Tom Harrisson

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Major Tom Harnett Harrisson DSO OBE (26 September 1911 – 16 January 1976) was a British polymath. In the course of his life he was an ornithologist, explorer, journalist, broadcaster, soldier, guerrilla, ethnologist, museum curator, archaeologist, documentarian, film-maker, conservationist, and writer. Although often described as an anthropologist, and sometimes referred to as the "Barefoot Anthropologist", his degree studies at University of Cambridge, before he left to live in Oxford, were in natural sciences. He was a founder of the social observation organisation Mass Observation. He conducted ornithological and anthropological research in Sarawak (1932) and the New Hebrides (1933–5), spent much of his life in Borneo (mainly Sarawak) and finished up in the US, the UK and France, before dying in a road accident in Thailand.

Early life and education[edit]

Harrisson was born on 26 September 1911 in Buenos Aires, Argentina, the son of Geoffry Harnett Harrisson (1881–1939), an engineer, and Marie Ellen Cole (1886–1961).[1] Another son, William Damer Harrisson, was born in 1913. The family lived in Concordia, Entre Ríos where his father had been working as a railway engineer and then manager since 1907.[1] In 1914, at the start of the First World War, the family sailed to the United Kingdom where Geoffry Harrisson joined the British army.[2] He was highly decorated for his service and eventually rose to the rank of Brigadier-General.[3]

Harrisson was socially isolated throughout these early years, with no friends apart from his brother.[1] His father was away in the army, and his mother showed little interest in her children.[2] The family moved frequently, and Harrisson later recalled no "lived in, loved place".[2] With no toys to occupy them, their nanny Kitty Asbury entertained her charges with long country walks, which stimulated an great interest in nature.[1][2] Harrisson had learnt to read by the age of five by studying Asbury's books on natural history.[2]

In 1919, Harrisson's parents moved back to Argentina, "dumping" - as Harrisson later described it - their sons at Eastacre preparatory school and later Winton House preparatory school, Winchester.[1][4] School holidays were spent unhappily as paying guests at various vicarages.[1][5] There was a brief interlude during 1922 and 1923, when Harrisson and his brother were taken back to Argentina by their father. It was to be the best year of his childhood. With his father as teacher, he learnt to hunt, fly-fish and climb. He became interested in birds: he built an aviary and studied of their behaviour.[1] Socially and linguistically isolated in Argentina, he also felt a stranger in England, even more so after his year in South America.[1] In a 1960 radio interview, he reflected on this period, and stated that "this feeling both of belonging intensily, emotionally, sentimentally with England and yet of not belonging to it and finding its habits and its people and its voices and its faces strange and keeps on producing sensations even to this day of strangeness wherever I go".[4]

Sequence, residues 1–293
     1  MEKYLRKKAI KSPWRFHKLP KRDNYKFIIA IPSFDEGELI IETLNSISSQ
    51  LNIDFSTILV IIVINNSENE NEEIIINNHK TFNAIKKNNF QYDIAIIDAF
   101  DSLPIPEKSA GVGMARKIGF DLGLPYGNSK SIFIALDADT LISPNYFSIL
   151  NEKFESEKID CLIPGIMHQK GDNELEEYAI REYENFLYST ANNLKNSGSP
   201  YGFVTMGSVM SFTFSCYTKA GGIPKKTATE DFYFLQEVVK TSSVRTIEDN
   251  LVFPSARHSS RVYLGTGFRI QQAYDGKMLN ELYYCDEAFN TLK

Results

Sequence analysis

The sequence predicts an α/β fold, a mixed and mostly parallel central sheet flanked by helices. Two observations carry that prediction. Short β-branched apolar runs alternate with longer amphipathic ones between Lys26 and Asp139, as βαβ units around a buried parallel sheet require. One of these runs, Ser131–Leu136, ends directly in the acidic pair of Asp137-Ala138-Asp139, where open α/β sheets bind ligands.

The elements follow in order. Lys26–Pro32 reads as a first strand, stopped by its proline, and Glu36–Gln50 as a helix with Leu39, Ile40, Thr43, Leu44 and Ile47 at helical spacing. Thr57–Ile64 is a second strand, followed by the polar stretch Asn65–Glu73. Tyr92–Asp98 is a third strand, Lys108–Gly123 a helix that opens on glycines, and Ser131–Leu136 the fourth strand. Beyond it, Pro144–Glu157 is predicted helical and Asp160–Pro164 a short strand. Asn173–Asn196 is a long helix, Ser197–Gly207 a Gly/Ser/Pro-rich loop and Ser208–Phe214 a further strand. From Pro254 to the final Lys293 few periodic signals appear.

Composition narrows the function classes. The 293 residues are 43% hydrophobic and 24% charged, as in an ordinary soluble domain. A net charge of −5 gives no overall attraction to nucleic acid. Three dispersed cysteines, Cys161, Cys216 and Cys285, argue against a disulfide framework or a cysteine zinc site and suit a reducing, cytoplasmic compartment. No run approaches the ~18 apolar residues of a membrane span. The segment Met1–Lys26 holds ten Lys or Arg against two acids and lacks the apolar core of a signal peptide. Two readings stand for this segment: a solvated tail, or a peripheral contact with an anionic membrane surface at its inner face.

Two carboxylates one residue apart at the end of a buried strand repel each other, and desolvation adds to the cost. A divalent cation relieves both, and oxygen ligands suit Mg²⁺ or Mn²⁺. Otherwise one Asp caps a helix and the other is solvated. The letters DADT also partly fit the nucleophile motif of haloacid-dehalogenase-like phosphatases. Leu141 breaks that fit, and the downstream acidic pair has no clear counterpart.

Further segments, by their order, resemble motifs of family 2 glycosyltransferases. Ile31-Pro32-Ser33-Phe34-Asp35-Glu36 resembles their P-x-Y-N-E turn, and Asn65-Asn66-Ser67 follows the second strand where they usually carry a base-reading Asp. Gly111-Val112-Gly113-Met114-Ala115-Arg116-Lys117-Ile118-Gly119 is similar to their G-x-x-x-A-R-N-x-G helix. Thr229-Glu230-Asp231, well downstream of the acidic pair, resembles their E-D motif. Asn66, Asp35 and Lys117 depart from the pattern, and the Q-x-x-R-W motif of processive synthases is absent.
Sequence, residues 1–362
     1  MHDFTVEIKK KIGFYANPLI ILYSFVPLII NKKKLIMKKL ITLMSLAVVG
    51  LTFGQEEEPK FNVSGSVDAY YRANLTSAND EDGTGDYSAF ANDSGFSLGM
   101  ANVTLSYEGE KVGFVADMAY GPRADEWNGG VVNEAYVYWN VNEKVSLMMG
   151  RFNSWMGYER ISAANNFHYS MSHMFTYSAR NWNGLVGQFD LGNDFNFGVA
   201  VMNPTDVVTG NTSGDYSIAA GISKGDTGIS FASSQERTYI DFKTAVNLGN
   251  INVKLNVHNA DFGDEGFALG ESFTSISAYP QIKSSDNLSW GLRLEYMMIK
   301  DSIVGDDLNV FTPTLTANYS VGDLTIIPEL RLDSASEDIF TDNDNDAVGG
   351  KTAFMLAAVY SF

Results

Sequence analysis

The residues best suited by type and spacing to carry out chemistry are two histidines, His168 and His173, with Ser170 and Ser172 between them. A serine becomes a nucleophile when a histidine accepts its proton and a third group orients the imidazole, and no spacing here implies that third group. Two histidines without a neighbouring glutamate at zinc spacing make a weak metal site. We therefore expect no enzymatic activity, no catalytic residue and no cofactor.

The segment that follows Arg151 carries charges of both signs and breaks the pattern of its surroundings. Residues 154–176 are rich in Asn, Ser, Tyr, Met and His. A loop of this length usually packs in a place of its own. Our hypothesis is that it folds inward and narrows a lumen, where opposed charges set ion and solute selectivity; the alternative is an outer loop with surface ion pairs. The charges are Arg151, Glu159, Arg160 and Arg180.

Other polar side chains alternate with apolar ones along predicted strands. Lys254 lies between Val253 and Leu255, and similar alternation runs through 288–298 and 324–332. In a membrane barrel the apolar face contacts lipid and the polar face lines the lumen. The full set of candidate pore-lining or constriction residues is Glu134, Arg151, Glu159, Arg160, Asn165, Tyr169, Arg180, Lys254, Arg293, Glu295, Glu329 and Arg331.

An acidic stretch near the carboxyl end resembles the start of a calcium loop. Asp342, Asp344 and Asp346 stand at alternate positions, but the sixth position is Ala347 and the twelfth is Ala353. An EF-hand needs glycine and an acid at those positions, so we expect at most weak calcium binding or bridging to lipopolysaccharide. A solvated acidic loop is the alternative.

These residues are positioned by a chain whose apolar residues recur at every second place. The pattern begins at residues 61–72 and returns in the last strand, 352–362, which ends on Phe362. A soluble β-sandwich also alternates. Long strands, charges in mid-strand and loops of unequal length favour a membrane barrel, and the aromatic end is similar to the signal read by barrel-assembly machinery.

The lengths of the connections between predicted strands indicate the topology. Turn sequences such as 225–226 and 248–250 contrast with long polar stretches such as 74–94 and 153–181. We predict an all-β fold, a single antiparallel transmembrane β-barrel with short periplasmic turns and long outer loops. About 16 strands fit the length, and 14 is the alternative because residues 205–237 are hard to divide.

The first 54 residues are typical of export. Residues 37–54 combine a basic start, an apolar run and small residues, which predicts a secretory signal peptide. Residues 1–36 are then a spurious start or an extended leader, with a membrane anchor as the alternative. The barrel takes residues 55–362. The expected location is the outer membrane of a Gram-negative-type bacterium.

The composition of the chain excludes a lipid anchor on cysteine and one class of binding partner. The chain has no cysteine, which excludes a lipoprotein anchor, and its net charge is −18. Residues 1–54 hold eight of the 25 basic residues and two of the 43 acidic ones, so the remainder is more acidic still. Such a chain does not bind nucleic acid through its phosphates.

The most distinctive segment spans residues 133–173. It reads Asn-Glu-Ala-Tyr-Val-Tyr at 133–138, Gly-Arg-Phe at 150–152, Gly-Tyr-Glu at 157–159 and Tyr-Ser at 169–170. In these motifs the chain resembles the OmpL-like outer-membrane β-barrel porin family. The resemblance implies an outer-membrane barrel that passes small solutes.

Harrisson attended Harrow School from 1925 to 1930,[1] a boarder in the house of his sympathetic godfather, Rev. D. B. Kittermaster, who was particularly supportive of boys such as Harrission were rebellious and did not fit in.[6] Harrisson had little interest in interacting with his fellow schoolboys, he nevertheless took an intense interest them, keeping a card index on every boy.[4][7] He was also fascinated by issues of hierarchy and status at the school.[6] He continued his interest in ornithology, and supported by his housemaster who allowed him to roam beyond the school grounds,[7] he wrote and published a book on birds of area.[1][4] After participating in several bird censuses, at the age of 19 he organized 1300 others birdwatchers in a pioneering census of the Great Crested Grebe.[1][4] The census later became a fixture of British birdwatching,[1] and brought him in contact with many of the leading figures of natural sciences when he continued his education at Pembroke College, Cambridge.[4]